In Search of Quality with the Brewers Association
2017 was a busy year for the Brewers Association (BA). It seemed like the theme of the year was Independence with the launch of the new “Independence” logo which encouraged breweries who met the BA’s definition for independence to proudly display the logo on their packaging and in their breweries. Three months later, they launched their “Take Back Craft” campaign with a satirical effort to buy Anheuser-Busch InBev (ABI). Although the BA didn’t quite hit their target of $213 Billion, raising $3.8 million in pledges, many wondered when the BA would address one of the more important issues plaguing the continued success of craft beer: Quality Assurance (QA).
Quality Assurance is more than just producing beer that tastes good at the brewery. It’s producing beer that’s free of defects and then packaged to the highest standard so the beer stays fresh and tasty for as long as possible in the brewery and after it leaves. While QA may be a hugely important part of the continued growth of craft beer and the ongoing success of individual breweries, it’s certainly not as outwardly visible or sexy as the Independence campaign. This is the main reason that the BA’s QA efforts have gone largely unnoticed.
Quality Assurance and best practices have been a central pillar of the BA’s programming since the earliest days of the organization and is the first option available on their website’s drop down menus. “Virtually all of the Brewers Association[‘s website] has practical applications for brewery members,” says Ann Obenchain, Marketing Director of the BA. For many of America’s older craft breweries, their QA programs have grown in league with the BA’s increased focus on quality. “It would be difficult to narrow down the time when New Belgium Brewing started using the resources provided through the BA as part of our quality program. As the BA grew their Quality Assurance resources and tools, NBB has incorporated these into the quality program,” says Dana Sedin, New Belgium Brewing’s Analytical Lab Manager.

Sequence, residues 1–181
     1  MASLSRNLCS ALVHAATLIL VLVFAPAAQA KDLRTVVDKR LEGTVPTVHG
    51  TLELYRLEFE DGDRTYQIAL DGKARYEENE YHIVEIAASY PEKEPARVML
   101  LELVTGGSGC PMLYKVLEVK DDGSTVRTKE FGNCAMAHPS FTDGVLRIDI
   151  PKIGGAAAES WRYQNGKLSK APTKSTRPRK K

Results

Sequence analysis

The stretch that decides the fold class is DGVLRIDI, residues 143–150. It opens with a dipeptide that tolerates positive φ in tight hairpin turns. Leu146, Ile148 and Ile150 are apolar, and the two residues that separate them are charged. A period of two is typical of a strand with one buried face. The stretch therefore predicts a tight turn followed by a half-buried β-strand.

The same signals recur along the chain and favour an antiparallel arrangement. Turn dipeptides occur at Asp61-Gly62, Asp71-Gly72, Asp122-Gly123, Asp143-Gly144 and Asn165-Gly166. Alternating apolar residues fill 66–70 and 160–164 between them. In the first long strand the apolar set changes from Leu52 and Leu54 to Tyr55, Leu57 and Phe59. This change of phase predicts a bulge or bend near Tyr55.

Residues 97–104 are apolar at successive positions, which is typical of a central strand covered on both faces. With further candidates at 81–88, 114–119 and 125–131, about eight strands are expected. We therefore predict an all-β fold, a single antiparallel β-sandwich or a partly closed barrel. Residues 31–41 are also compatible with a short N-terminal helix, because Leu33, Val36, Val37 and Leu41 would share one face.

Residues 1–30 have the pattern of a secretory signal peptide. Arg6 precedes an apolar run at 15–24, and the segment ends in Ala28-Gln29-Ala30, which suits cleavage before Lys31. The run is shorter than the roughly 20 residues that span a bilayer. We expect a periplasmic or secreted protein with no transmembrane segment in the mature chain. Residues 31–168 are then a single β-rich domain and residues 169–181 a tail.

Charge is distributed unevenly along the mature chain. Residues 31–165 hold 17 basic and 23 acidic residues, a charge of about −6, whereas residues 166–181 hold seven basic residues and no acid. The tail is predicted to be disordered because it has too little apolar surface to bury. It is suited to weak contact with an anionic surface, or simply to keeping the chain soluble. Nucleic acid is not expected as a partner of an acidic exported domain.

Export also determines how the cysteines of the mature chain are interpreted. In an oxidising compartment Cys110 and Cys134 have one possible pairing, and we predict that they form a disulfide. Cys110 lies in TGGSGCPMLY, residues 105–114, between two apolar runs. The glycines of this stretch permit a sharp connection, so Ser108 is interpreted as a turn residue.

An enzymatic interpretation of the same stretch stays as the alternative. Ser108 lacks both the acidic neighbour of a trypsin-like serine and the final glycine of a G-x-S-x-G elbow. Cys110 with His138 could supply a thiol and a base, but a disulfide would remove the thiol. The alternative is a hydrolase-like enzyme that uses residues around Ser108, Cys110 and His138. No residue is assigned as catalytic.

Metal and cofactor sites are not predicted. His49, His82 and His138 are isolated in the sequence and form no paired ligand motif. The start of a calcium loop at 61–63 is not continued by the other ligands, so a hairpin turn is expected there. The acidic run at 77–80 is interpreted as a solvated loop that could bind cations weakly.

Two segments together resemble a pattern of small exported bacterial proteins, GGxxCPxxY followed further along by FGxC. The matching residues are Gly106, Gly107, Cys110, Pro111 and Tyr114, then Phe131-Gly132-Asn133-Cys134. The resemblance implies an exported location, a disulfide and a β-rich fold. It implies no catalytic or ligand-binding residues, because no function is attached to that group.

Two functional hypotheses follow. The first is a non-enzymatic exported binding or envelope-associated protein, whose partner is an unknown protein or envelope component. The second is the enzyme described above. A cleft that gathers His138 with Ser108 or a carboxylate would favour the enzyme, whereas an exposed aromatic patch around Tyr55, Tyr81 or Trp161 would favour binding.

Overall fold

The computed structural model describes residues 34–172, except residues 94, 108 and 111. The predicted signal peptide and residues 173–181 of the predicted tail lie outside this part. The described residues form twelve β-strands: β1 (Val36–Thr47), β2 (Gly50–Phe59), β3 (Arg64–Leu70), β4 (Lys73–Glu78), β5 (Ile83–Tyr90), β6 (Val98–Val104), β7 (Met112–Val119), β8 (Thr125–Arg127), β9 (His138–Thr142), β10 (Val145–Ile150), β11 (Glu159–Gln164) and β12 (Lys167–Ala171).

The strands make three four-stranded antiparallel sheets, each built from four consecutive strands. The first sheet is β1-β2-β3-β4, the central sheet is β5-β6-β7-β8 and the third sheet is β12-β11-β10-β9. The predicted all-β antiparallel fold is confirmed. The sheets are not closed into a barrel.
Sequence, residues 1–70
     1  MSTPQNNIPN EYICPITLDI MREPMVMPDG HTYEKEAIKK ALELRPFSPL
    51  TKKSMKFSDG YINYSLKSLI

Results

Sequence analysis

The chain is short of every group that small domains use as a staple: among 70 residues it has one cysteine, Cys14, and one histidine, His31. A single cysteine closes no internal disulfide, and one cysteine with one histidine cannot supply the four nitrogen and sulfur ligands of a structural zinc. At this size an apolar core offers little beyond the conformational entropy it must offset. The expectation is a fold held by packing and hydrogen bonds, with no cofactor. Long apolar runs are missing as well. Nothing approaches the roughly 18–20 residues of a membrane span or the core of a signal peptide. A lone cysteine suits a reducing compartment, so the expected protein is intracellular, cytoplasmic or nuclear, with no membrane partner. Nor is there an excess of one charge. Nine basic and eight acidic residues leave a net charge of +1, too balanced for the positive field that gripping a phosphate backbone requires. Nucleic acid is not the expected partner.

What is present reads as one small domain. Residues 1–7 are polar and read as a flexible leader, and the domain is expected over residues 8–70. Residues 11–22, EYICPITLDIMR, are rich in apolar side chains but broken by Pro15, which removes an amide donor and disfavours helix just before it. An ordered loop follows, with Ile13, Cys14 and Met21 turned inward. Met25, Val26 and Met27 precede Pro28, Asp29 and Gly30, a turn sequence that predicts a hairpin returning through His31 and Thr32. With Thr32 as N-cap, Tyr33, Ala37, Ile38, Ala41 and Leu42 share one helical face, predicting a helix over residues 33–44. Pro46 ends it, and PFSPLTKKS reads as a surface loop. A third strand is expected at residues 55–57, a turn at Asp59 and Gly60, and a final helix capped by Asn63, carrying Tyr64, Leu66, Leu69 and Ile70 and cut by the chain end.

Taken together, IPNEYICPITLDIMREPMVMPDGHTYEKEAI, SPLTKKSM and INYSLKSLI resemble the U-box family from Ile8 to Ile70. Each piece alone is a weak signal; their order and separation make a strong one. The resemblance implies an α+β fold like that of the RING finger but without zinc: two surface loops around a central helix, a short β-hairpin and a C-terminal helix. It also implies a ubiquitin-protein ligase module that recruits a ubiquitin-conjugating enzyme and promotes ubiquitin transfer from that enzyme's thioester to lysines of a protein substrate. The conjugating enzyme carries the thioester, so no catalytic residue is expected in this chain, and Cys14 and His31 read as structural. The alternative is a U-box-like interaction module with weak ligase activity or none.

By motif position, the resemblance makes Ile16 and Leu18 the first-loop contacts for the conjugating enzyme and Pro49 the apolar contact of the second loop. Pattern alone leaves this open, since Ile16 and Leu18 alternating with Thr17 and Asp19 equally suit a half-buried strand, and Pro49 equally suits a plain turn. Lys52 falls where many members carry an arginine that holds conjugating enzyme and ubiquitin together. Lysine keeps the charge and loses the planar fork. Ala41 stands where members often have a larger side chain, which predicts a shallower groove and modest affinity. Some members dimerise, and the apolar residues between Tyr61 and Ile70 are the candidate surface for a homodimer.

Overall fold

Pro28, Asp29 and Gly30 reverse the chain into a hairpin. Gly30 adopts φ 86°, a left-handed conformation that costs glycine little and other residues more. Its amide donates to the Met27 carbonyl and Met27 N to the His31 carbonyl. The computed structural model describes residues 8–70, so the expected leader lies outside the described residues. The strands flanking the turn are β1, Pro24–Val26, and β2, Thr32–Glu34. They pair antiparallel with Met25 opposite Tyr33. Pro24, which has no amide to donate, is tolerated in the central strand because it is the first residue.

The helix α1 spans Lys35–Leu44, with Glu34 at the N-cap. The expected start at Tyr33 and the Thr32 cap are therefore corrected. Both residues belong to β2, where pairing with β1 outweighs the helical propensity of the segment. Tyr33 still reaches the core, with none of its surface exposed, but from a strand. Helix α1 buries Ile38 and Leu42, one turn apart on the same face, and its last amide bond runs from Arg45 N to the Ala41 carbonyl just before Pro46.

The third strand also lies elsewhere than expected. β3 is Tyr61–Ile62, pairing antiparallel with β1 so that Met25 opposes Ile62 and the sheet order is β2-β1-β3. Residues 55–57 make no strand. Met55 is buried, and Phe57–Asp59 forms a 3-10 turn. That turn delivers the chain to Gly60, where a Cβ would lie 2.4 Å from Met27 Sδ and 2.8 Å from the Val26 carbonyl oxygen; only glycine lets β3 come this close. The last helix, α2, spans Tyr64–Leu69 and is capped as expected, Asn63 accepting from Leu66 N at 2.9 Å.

Over the years, the QA program has been put into place at breweries of all sizes and provides a wide variety of options depending on a brewery’s development and needs. “Every brewery has a QA program of some sort. At the barest minimum, checking gravities and cleaning tanks are quality measures. The real question for most breweries is whether what they are doing is enough,” says Neil Witte, BA Quality Ambassador
“The BA is a vast resource. It touches upon just about every topic a brewery employee/owner/operator could be interested in. It most definitely provides the blueprint for our quality program,” remarked Rising Tide Brewing’s Rising Tide Brewing’ Quality Control Specialist, Merritt Waldron. It’s the smaller, newer breweries the BA is focusing their attention on. According to Obenchain: “With the recent rapid growth in the number of new breweries entering the industry, the Brewers Association is currently focused on helping our newer members get started with their quality programs. As a brewery grows, they will be able to add additional laboratory space, additional trained employees and expensive equipment.”
Obenchain points out that you don’t even have to be a member to access a majority of the site’s QA information or tools, but membership does have its rewards. “One of my favorite things the BA did was to send every member a copy of Mary Pellettieri’s book, Quality Management,” comments Witte. “There’s great information in there that helps brewers benchmark their own quality program against where they probably should be based on their size. It’s such a great resource and giving it to every member for free was pretty cool.” Non-members can purchase the book from the BA for $95.